Archivio Antropologico Mediterraneo (University of Palermo Press, Italy).
Today Alessandro is a Ph. D. student at Université de Montréal (QC – Canada)
and his main research interests are 1950s and 1960s’ jazz social history and
musical analysis.
(garrincha.samba@gmail.com)

Héloïse Rouleau (Université de Montréal)

Post-Press Speech Analysis: Digital Prints of Quebec’s Rap Scene: In 2017,


the Disc Industry Association (ADISQ) reported that 80% of Quebec’s rap
albums were still not broadcasted by radio stations. For a long time, Quebec’s
rap scene has been kept out of the industry and forced to operate apart from
mainstream broadcasting channels - articulating since 2000 an autonomous
network of labels, specialized blogs and events. Isolated from traditional
medias, Quebec rappers had no choice but to make the most of the new digital
environment in which music now evolves.
By questioning the artists’ abilities to optimize all the new possibilities the
Internet now offers, it is crucial to take an interest in the digital prints they
leave in new medias, in order to better understand the development of their
musical life. While blogs, digital periodicals and social networks played a key
role in the development of Quebec’s rap scene, a genre operating on the
sideline of the mainstream industry, analysis of the content in 2.0 sources - in
post-press - becomes an essential complement to a reception study.

68
Our research therefore leads us to articulate a systematic method for
referencing the digital activities of major artists from Quebec’s rap community.
Our analysis leads us more broadly to think about perspectives offered by
evidence found on the web in the analysis of contemporary musical
phenomena. How can the digital environment be a developmental factor for a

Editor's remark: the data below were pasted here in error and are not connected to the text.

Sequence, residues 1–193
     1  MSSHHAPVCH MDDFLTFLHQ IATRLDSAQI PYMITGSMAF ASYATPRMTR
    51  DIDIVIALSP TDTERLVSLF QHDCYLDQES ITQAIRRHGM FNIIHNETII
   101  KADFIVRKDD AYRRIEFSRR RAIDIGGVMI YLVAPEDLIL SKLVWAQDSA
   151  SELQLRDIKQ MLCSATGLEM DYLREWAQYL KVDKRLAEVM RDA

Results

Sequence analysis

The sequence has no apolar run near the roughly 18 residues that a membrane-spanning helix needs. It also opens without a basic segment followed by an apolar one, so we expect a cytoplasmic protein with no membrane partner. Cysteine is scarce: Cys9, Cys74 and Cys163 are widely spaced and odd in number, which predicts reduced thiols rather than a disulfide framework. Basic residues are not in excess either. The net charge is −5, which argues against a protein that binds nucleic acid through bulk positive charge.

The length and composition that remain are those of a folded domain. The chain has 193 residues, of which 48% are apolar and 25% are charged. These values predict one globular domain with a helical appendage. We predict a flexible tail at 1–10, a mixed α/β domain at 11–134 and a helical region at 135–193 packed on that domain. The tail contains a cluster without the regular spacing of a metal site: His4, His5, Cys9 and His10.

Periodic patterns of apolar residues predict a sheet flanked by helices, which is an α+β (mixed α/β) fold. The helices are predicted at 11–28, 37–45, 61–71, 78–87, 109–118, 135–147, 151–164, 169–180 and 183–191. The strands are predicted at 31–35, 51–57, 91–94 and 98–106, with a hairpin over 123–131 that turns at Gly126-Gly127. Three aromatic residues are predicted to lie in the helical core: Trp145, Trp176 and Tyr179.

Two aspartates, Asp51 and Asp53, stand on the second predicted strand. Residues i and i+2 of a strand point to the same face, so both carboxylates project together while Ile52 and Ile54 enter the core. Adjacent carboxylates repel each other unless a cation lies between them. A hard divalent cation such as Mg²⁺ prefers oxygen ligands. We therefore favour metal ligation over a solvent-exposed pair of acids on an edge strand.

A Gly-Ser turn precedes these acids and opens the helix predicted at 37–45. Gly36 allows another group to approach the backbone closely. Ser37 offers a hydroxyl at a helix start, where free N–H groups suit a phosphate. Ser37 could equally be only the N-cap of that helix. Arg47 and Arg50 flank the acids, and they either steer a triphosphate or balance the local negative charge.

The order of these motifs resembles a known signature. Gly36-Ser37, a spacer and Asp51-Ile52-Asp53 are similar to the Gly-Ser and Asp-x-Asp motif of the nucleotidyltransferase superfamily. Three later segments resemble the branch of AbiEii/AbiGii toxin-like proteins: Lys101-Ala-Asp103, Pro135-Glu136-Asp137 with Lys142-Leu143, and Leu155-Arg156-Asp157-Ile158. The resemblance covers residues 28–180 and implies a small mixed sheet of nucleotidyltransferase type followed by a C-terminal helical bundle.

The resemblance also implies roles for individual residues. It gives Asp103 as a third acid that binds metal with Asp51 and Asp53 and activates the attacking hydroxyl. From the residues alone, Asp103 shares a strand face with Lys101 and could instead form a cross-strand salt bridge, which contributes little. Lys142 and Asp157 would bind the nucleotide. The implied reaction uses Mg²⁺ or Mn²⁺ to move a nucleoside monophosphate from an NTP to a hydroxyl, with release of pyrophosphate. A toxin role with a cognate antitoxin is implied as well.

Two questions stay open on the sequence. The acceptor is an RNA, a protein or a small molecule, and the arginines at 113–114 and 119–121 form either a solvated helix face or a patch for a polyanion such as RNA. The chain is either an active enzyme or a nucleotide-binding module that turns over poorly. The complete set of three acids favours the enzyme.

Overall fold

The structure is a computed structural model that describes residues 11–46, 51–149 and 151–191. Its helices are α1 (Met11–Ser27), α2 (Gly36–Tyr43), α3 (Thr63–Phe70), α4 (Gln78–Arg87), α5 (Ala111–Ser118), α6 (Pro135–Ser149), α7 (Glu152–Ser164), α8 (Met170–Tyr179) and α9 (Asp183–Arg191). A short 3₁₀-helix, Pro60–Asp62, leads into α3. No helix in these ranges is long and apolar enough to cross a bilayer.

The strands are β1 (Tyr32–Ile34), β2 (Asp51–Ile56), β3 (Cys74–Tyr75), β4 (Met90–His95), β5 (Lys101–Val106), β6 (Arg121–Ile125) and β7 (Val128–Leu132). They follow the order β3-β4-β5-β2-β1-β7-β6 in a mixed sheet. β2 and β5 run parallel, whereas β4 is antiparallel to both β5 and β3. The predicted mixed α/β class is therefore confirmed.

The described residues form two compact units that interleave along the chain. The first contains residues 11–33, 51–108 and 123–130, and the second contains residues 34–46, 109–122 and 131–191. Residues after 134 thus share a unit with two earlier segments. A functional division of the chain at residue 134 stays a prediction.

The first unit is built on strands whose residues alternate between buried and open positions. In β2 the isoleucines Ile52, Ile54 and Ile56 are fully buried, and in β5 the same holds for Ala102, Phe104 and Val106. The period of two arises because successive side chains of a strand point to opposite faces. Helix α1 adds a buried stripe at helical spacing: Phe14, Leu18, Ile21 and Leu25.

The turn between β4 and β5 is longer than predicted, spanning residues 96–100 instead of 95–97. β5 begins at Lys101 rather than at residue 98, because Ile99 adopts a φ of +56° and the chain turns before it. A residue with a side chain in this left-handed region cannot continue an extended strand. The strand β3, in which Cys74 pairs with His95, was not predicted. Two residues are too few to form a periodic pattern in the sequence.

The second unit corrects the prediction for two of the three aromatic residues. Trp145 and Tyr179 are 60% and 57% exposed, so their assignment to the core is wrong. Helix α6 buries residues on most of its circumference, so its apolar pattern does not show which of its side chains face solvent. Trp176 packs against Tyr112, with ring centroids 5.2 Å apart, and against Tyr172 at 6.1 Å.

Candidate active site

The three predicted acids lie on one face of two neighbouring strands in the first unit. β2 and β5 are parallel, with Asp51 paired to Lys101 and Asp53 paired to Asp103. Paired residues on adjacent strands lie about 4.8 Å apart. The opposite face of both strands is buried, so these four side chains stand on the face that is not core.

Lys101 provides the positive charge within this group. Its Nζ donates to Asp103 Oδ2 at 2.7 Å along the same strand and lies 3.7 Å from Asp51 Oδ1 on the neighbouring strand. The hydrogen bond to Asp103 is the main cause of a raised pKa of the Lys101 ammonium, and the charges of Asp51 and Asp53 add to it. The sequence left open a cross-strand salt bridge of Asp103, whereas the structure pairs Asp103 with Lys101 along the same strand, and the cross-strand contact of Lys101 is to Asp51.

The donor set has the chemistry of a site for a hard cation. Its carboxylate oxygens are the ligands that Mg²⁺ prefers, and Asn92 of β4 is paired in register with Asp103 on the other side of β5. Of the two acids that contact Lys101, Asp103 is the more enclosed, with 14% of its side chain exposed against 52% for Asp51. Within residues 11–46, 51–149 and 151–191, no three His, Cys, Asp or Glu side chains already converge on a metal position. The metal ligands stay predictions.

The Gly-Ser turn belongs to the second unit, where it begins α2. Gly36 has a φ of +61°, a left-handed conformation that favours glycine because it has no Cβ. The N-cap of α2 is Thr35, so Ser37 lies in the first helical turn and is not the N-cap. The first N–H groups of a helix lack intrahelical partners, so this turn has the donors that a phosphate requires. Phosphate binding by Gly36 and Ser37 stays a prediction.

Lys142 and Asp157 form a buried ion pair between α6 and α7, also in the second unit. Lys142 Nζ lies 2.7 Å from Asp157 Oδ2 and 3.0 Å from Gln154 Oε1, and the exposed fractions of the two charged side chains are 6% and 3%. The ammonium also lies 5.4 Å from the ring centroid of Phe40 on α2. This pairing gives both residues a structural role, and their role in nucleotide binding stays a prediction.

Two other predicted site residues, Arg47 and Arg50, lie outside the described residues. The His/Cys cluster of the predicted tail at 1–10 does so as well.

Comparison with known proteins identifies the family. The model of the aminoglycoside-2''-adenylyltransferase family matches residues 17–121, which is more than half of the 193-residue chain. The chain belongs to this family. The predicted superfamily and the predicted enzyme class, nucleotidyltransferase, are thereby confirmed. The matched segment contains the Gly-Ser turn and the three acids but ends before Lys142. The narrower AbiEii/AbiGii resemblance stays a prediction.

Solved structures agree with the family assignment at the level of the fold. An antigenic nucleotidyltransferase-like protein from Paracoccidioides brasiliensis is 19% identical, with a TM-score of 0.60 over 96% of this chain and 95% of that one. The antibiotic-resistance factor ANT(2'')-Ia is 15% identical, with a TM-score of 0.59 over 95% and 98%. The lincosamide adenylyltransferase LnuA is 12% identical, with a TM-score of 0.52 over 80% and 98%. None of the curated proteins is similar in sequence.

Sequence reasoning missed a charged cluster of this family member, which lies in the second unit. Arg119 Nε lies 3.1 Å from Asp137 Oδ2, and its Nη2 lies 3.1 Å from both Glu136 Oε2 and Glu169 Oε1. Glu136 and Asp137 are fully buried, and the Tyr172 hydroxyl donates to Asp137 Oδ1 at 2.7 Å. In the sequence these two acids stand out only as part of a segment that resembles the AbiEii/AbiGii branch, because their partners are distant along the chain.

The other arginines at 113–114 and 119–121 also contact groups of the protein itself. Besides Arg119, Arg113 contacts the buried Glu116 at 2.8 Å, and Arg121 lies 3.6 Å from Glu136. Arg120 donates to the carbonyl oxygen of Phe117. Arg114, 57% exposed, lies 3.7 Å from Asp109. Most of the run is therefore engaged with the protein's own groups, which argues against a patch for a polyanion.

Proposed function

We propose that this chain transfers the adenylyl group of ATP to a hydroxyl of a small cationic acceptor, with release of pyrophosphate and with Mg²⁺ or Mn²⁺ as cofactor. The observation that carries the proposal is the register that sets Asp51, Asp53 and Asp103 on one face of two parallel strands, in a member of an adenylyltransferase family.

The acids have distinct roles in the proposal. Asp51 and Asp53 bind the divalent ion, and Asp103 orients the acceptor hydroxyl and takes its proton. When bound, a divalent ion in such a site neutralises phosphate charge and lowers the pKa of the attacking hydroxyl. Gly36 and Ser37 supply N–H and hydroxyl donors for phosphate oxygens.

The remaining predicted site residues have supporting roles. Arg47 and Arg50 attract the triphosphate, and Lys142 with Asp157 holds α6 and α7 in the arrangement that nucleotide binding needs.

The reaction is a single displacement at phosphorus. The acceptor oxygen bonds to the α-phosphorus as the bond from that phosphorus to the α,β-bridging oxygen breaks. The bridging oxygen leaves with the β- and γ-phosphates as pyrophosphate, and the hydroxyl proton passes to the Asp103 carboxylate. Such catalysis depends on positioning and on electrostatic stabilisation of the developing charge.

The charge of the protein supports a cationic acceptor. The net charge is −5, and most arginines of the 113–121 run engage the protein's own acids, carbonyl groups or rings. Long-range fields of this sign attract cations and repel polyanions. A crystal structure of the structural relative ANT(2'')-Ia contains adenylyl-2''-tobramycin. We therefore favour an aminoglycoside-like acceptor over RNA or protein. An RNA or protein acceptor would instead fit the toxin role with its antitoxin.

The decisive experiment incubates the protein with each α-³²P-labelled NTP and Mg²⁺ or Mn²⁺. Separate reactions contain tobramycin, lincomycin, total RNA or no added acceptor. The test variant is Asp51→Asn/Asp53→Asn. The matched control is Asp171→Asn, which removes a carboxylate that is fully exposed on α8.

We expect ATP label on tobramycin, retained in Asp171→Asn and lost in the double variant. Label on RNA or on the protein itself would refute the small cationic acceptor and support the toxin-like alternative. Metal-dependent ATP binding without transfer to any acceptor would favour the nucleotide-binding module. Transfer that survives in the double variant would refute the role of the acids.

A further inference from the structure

musical genre? How do tracks left in digital medias inform us about the
evolution of current music such as hip-hop? This presentation thus aims to
study how post-press can teach us about the recent evolution of a musical
environment and to question the epistemological contribution of studying
digital sources.

Biografia / biography: Héloïse Rouleau is currently a Master’s student in


musicology at Université de Montréal. After studying journalism, she
participated in several cultural magazines leading her to pursue her academic
path in musicology. She brings her experience as a journalist and a musicologist
to life by joining the Observatoire interdisciplinaire de création et de recherche
en musique (OICRM) in 2016, her studies mainly focusing on Quebec’s rap
scene and music’s mediation.
(heloiserouleau@gmail.com)

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Painel 2 / Panel 2
Music and the French-Speaking Press 2

Federico Lazzaro (University of Ottawa) & Michel Duchesneau


(University of Montréal)

Musicographic incompetence: historical discourse analysis and post-truth:


Just as it is difficult to decide whether or not to call early 20th century
musicographers «musicologists», it is also challenging to decide on their
competence or incompetence, given the very eclectic nature of music writing
at the time. Composers have often denounced the incompetence of critics, to
the point of considering that only musicians could claim to write about music.
But incompetence is a transversal category that does not necessarily coincide
with the non-specialization of writers. It is not defined by the training or
profession of individuals (musicians/composers can be just as «incompetent»),
but by the kind of discourse they have, characterized by the repetition of